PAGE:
6 Common Myths About Minimalism

Minimalism is a lifestyle that I’ll always support. Though it is a very personalized lifestyle, there are loads of misconceptions and assumptions made about minimalism. Here are six common myths about minimalism.

minimalism myths

1. You Count Your Belongings

Though some minimalists do count the amount of belongings they own, a lot of minimalists don’t. I don’t count the amount of things I own, because the number isn’t what is important to me – I prefer to know that the things I own are bringing value to my life. I like to constantly ensure that the belongings I have are working for me, not the other way around. To me, it’s not about the number of things I own – it’s about the value that those things bring me.

2. You’re Nomadic

minimalism myths Lots of minimalists travel full time. But a lot of them don’t, as well. Minimalism gives me freedom that I never thought possible in my previous life. I like to use my freedom to travel full time, but most minimalists I follow don’t travel as much as I do. Minimalism allows the freedom to live the way one would like – and to me, that means full time travel. However, I know loads of minimalists who are settled down in apartments or houses.

3. You Only Wear Black

It’s common in minimalism and capsule wardrobes to have a color theme. This way, matching is easier and most of your clothes will go with each other, ensuring ease of getting dressed in the morning, as well as a simpler and smaller wardrobe. Though black seems to be the most common color (it’s definitely my color of choice), not all minimalists only wear black.

4. You’re Also Vegan / Zero Waste

Minimalism is an alternative lifestyle – it’s still far from mainstream. Living a sustainable and/or vegan lifestyle are also alternative ways of living. But just because all of the above lifestyles have something in common, doesn’t meant that minimalism encompasses them. I consider myself a minimalist, but I’m not zero waste. I know loads of minimalists who aren’t vegan.

common myths minimalism

5. You’re Cheap

Possibly the most common of assumptions about minimalism is that minimalists are cheap. Contrary to this belief, I believe that minimalism means that you can buy the best of everything. For example, if I am going to buy a computer, I want to buy the best computer I can. I don’t want to buy a cheap laptop that will only last me a few years – I spend a decent amount of money to buy the most high-quality, long lasting computer that I can find. I also look for high quality clothes, shoes, and even food. Because I buy less, I can afford to buy better quality items.

6. You Work Online

minimalism mythsWhen I went minimalist, I quickly saw how much more free, light, and happy I felt. I didn’t feel weighed down by my belongings anymore, I could pack up and move wherever I wanted, whenever I wanted. I saved up some money and started traveling. I very quickly realized that if I were to work online, I could keep up this travel-based lifestyle forever. Though I work online, most minimalists I know do not. You can be a minimalist and work a 9-5, you can be a minimalist and work retail, you can be a minimalist no matter what your line of work.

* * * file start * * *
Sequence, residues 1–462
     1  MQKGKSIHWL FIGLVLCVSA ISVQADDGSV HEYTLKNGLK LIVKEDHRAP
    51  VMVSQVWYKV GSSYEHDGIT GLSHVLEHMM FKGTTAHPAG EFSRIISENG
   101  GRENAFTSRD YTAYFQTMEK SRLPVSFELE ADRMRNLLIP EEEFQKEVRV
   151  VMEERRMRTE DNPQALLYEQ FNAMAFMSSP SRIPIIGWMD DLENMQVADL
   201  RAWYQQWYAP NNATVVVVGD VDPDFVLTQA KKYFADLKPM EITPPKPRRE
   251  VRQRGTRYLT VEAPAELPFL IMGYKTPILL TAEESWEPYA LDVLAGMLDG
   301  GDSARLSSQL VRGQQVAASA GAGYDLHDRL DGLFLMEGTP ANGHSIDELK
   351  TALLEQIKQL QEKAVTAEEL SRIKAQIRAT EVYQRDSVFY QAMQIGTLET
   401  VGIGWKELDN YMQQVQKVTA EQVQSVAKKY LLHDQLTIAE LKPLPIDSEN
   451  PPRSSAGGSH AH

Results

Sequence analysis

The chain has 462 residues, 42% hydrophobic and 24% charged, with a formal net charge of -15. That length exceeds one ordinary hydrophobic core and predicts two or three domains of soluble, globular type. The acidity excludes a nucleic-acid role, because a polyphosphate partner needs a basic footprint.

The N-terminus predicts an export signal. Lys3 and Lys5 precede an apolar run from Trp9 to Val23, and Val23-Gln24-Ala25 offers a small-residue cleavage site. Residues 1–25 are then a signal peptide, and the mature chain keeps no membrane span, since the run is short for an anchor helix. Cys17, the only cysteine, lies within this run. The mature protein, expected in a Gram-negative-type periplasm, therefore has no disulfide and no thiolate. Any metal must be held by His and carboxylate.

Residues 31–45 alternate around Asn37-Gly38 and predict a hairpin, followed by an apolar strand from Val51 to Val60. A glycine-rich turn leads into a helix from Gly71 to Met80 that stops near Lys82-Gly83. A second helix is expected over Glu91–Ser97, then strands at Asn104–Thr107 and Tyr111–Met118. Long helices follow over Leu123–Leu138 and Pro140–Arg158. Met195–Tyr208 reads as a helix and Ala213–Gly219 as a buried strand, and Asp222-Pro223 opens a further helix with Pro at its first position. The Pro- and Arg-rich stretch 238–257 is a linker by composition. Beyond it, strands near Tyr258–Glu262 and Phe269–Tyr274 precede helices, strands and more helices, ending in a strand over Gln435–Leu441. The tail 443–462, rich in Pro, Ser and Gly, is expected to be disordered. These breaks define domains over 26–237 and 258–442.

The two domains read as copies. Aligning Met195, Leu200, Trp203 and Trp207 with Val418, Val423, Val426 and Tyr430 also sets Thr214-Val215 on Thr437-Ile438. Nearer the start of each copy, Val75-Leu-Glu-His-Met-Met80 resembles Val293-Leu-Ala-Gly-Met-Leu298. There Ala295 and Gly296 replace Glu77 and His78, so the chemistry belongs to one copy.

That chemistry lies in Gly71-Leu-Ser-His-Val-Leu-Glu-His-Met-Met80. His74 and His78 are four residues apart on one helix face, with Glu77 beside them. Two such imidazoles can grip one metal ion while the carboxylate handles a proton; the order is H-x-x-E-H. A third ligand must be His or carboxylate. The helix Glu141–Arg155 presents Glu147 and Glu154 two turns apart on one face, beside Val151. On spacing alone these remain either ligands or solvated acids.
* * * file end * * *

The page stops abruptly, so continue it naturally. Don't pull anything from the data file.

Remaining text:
These were six of the most common myths/assumptions about minimalism. Learning more about minimalism and just how personal it is helped me realize that I could become a minimalist. Minimalism is a lifestyle that works for you – creating a life of freedom, happiness, and more excitement.

Your Turn!

  • What are some myths that you’ve heard about minimalism?
  1. An overwhelming number of people I know are minimalists due to the fact that it’s getting harder and harder to have a traditionally quality life; it’s a re-invention of lifestyles when you don’t have money to fling around.

  2. Amanda,

    I like your take and perspective here. Quality over quantity. Freedom and value.

    Rather than money buying freedom, I think freedom has a currency all its own.

    So glad to read your articles here. Have been sending them on to my daughters.

  3. You claim to be publishing a list of myths but then go on to say most of the “myths” are substantially true.
    “. . . some minimalists do count the amount of belongings they own . . .”
    “Lots of minimalists travel full time.”
    “It’s common in minimalism and capsule wardrobes to have a color theme . . . black seems to be the most common color . . .”
    If it is true it isn’t a myth.

  4. We don’t count our belongings but we sure did count those things we got rid of during the journey toward a more minimalistic lifestyle. I think it made us realize how much wasted stuff we had accumulated and reassuring us we could live with less.

  5. I’m a minimalist with a different title. I say I’m living a life of Voluntary Simplicity.
    I’m a Luddite, in that I choose to live without all the techie bells and whistles so essential to many now.
    I eat simply, mostly raw, vegie, fruit whole grain, eggs/cheese. Lots of salads, backed by comfort foods, like my Sunday morning omelet, chock full of goodies.
    My work is simple…window cleaner for 32 years.
    My passions close to free…biking, reading, gardening, dancing.
    I buy mostly second hand, live in 528sq.ft, drive a small car.
    I owe nothing, want for nothing, love my life.
    I’m proud to see my daughters also choosing simple lives. We’re easier on Mother Earth.

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